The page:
Tony Maxwell was born and educated in South Africa. He travelled widely in Africa, the Middle East, Europe, Central America, Australia and Canada. He lives in Alberta, Canada. When he and his son, Brad, discovered the Alberta connection with Strathcona's Horse, they decided to make a documentary film about the regiment. Strathcona's Horse was a Canadian mounted regiment raised and equipped by Lord Strathcona in 1900 and sent off to fight in the Anglo-Boer War. Tony returned to South Africa after  40-year absence to make the documentary. Travelling with Brad, they searched for old battlefields and graveyards, discovering the intersecting history of South Africa and Canada. The documentary, The Queen's Cowboys (as the Strathcona's were sometimes known), inspired Tony's first book, Searching for the Queen's Cowboys, which tells the story of their experiences in the new South Africa while making the documentary. The book blends three stories - the travelogue, a look at the past and present political situation in South Africa, and tracing the Strathcona's Horse during the War. It also has tales of Tony's adventures as a younger man in South Africa and London. There is also a section on the Zulu War, inspired by Tony's visits to the battlefields.

Tony is currently working on an historical novel, Uitlander (Foreigner), which tells the story of a young Canadian who fought on the side of the Boers during the Anglo-Boer War. It is the year 1890 in Calgary, Alberta and 18-year-old Robert Hamilton, while protecting his mother from a brutal assault by his drunken stepfather, is charged with murder. Exonerated by the court, he is forced to flee to England to escape the murderous wrath of his stepfather's brothers. He seeks refuge in London with his mother's beautiful, younger sister Emma, who is married to the elderly Sir Reginald Lolandish, a wealthy, international arms dealer. His passionate love affair with Emma is behind his spur-of-the-moment decision to go to South Africa to seek his fortune in the Witwatersrand goldfields. His business interests in the Transvaal Republic bring him into close contact with the Boers. His sympathy with their cause finds him at odds with fellow Canadians who answer the call of the mother country to fight in the Anglo-Boer War.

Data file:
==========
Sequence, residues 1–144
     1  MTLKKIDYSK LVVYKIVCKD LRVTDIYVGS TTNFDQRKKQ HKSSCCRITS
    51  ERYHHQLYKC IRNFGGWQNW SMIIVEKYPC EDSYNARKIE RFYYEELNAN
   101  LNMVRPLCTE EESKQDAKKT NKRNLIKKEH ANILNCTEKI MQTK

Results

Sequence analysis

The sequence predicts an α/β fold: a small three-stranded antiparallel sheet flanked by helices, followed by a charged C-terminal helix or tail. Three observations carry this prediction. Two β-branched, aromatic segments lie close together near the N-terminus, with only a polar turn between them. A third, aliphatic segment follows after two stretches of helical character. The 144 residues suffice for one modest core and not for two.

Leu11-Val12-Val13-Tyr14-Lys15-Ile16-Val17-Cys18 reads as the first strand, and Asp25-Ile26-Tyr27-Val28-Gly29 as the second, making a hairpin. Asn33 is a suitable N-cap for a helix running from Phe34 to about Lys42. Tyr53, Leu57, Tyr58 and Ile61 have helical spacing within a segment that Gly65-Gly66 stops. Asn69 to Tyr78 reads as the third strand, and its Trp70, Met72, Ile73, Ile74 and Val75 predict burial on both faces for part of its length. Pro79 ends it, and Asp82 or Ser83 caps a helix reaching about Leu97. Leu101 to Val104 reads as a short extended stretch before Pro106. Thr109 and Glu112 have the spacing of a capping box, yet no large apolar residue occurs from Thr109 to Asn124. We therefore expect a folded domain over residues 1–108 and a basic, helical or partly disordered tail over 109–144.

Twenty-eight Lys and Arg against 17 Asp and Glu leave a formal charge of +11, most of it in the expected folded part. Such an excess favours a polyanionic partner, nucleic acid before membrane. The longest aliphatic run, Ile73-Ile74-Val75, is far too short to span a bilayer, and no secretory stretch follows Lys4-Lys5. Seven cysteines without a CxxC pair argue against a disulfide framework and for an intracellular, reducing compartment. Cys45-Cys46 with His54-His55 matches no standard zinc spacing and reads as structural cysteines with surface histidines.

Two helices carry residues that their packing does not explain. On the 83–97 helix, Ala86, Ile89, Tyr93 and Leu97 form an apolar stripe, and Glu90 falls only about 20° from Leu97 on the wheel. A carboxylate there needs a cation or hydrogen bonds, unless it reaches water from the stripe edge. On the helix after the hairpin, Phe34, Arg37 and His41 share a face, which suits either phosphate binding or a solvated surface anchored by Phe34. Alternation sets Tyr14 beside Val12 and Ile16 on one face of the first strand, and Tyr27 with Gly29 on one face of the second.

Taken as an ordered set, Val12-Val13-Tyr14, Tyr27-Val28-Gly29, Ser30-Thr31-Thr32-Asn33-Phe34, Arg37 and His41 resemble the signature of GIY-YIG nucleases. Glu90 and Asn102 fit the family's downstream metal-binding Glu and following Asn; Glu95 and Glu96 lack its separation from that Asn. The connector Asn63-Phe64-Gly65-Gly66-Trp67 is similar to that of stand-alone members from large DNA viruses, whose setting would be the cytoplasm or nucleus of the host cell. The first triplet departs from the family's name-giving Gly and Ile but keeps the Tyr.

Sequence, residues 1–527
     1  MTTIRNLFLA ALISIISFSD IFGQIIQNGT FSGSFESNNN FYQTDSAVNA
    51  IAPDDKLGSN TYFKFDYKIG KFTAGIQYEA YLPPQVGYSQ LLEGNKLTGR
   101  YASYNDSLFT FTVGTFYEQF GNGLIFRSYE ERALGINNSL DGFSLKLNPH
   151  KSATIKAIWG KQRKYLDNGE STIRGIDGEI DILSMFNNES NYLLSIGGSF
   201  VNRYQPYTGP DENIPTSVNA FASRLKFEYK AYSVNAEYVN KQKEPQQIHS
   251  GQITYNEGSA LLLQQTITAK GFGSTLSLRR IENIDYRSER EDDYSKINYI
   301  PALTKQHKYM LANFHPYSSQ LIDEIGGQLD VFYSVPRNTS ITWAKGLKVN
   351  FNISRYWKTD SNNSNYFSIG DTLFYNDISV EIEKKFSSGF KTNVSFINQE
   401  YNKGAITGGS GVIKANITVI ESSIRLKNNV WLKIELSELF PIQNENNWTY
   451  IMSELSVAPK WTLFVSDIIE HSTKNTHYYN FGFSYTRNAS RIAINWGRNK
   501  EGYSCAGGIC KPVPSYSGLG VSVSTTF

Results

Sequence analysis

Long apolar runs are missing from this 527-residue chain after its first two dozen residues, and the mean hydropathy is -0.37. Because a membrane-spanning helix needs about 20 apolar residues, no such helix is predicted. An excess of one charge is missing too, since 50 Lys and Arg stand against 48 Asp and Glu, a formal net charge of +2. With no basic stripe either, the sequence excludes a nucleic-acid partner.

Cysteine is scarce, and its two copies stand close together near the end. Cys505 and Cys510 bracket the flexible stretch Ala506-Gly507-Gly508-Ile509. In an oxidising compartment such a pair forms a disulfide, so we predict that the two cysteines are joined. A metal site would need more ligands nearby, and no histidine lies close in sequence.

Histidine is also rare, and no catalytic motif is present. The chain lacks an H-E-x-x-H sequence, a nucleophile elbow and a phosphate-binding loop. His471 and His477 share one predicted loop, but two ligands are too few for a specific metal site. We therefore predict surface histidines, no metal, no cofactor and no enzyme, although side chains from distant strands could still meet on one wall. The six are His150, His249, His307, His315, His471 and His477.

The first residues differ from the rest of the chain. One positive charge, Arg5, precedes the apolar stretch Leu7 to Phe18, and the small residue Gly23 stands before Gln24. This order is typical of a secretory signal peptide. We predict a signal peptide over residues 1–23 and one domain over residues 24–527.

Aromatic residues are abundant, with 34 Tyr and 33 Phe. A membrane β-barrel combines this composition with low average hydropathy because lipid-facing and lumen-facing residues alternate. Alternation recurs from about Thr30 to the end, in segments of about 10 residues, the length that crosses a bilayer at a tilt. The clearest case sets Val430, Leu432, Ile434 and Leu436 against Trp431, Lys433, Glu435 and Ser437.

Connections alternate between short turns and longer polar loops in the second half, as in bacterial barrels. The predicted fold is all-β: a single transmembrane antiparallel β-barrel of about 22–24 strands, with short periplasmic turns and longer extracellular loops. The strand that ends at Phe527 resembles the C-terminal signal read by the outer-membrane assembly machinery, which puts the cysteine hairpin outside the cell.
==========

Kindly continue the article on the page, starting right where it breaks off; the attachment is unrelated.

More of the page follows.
04 May 2012


Kelli Shean was born in Cape Town to Stephen and Dianne. Kelli is deaf and even with a hearing apparatus has only 10% hearing ability. She started playing golf at the Westlake Golf Club in 2001 and had a successful amateur career before winning a golf scholarship in 2007 to the University of Arkansas, where she graduated in 2011. In 2006 she won the World Amateur Championship with teammates Ashleigh Simon and Stacy Bregman. Her first collegiate win was in 2009 at Marilynn Smith Sunflower Invitational in Kansas. Kelli participated in her first LPGA event in September 2009 as an amateur. The 2010 US Women's Open at Oakmont in Pennsylvania saw her placing 65th, after leading the majority of the first round. Kelli was one of the students at Ernie Els' Foundation in Fancourt. She married Chandler Rackley of Little Rock, Arkansas, in May 2011. She is currently an instructor at The First Tee in Little Rock. Chandler was her part-time caddy. They met at University and he proposed to her on Thanksgiving Day in 2010 on a golf course - the ring was in the 18th hole and up on the leader board was a sign saying "Would you marry me?" Chandler is now a chartered accountant and has a commercial pilot’s licence.